CityScene: A CONTINUING SERIES ABOUT THE PEOPLE AND PLACES OF THE CAPITAL CITY
January 04, 2010
HARTFORD — - Anita Perez uses her hands and a magnifying glass to make sure that the colorful threads are bound together properly. She is at home in a small weaving center on Woodland Street — a place where her vision problems do not matter.
Although she is visually impaired, Perez, of East Hartford, who has a partially absent iris, has been weaving for years.
She started weaving as a student at the former Oak Hill School for the Blind. She then worked on her craft at the Hartford Artisans Center at Oak Hill.
She was crushed when the program was discontinued in September 2008, but learned quickly that she would not need to give up weaving or find a new place to socialize. Just months after the center at Oak Hill closed, a new weaving center opened in Hartford, giving those like Perez a new place to go.
"I was really upset," Perez said, "but life goes on, and we found a place."
Oak Hill closed the Hartford Artisans Center because it needed more space for its programs, said Fran Curran, who now serves as executive director of the new Hartford Artisans Weaving Center. Armed with looms and yarn, but with no place to go, local weavers took a hiatus as volunteers like Curran searched for a new home for a weaving program and learned how to operate a nonprofit organization. The new center opened last January at 40 Woodland St.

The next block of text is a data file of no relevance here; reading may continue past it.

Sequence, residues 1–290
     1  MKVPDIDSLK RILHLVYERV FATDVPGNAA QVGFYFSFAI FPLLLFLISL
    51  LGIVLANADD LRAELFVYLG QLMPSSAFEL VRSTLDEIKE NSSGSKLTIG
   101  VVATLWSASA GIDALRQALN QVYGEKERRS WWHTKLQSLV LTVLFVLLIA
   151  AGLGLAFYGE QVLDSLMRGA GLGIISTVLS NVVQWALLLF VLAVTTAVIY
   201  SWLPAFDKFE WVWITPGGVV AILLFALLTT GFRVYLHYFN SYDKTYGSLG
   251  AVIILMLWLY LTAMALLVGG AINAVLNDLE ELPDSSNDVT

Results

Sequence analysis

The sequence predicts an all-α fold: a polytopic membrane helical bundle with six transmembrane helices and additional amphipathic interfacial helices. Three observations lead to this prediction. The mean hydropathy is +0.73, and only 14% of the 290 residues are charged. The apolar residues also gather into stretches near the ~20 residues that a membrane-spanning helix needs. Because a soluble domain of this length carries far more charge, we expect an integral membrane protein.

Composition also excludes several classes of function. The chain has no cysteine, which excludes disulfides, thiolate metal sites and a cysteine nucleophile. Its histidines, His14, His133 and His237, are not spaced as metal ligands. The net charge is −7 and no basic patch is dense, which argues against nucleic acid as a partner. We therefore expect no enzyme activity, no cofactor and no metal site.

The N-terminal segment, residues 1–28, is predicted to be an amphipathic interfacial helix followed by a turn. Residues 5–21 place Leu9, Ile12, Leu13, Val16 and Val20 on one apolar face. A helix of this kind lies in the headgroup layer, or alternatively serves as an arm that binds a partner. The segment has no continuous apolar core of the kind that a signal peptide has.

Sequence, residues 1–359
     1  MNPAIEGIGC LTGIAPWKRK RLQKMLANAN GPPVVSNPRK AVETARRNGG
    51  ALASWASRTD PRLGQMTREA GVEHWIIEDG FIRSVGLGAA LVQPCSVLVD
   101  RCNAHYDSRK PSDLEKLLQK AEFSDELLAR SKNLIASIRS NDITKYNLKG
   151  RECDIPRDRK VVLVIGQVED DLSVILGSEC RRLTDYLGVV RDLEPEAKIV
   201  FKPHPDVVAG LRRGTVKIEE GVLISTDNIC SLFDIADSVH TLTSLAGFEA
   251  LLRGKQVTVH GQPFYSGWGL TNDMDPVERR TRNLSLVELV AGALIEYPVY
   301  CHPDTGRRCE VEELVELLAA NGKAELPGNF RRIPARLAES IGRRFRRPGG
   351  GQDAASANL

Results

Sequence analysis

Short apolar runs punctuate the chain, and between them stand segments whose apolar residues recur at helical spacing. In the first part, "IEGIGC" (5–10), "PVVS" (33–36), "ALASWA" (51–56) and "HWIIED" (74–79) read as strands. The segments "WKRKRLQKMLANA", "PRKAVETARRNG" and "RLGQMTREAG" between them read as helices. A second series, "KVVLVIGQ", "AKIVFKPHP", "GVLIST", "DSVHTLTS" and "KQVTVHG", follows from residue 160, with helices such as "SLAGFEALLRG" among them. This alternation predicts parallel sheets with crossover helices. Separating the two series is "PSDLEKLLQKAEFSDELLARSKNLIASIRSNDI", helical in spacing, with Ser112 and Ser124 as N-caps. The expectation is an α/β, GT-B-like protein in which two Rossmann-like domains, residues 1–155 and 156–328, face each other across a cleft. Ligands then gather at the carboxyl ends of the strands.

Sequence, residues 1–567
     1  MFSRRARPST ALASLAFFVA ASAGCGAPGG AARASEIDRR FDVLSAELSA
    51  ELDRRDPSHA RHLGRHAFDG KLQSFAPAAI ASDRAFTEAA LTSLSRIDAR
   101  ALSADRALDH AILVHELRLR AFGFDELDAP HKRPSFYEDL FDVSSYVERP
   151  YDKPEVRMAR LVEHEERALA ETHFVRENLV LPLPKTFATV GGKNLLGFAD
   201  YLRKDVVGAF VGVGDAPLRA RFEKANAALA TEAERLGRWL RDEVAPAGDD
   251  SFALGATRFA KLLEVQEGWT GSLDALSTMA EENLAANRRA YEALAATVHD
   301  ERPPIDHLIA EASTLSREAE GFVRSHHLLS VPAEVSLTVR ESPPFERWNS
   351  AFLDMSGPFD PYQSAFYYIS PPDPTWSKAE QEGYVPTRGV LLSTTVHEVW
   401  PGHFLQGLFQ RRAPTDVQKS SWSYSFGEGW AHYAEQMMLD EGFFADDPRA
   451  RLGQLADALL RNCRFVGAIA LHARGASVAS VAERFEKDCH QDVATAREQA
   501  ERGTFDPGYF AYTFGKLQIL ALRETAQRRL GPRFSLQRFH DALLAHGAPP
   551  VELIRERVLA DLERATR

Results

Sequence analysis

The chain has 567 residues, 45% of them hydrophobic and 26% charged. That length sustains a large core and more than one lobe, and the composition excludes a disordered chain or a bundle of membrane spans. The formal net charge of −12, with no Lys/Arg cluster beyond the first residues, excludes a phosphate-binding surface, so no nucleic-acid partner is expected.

The tax-exempt, nonprofit center serves 22 people who have little or no vision or who are over 55. Weaving is a social and creative outlet for them, said Curran. Artisans can also earn some spending money by weaving items for the center to sell, she said.
The center also offers weaving classes to the public, and it sells items, such as handbags and scarves, made by the artisans who work there.
"We're moving forward," Curran said. "We're looking to grow."
To keep the center operating and the weaving materials readily available, the center charges outside students $198 for a nine-week class. Senior citizens and the visually impaired pay $5 monthly dues to weave. Proceeds from sales are split between the center and the artisans. The center also gets grant money to help with operational costs.
The center is thinking of expanding into online sales and might offer summer weaving classes for children, Curran said.
"We kind of like this idea of community," she said.
The center was full last week, and weavers were hard at work.
Some described weaving as therapeutic, saying that they were happy to be using their hands to do something productive. Marquerite Neely, 78, of Hartford, likes the concentration that weaving requires.
Despite poor eyesight, the center's oldest weaver, Pauline Chernick, 98, of West Hartford, manages to see her final product and says she's gotten good at detecting any mistakes by using her hands. For Chernick, knowing that she is producing something is fulfillment enough, and she said she is thrilled to have the chance to weave again on Woodland Street.
•For more information on The Hartford Artisans Weaving Center, call 860-727-5727.
"We're moving forward. We're looking to grow."
Reprinted with permission of the Hartford Courant.
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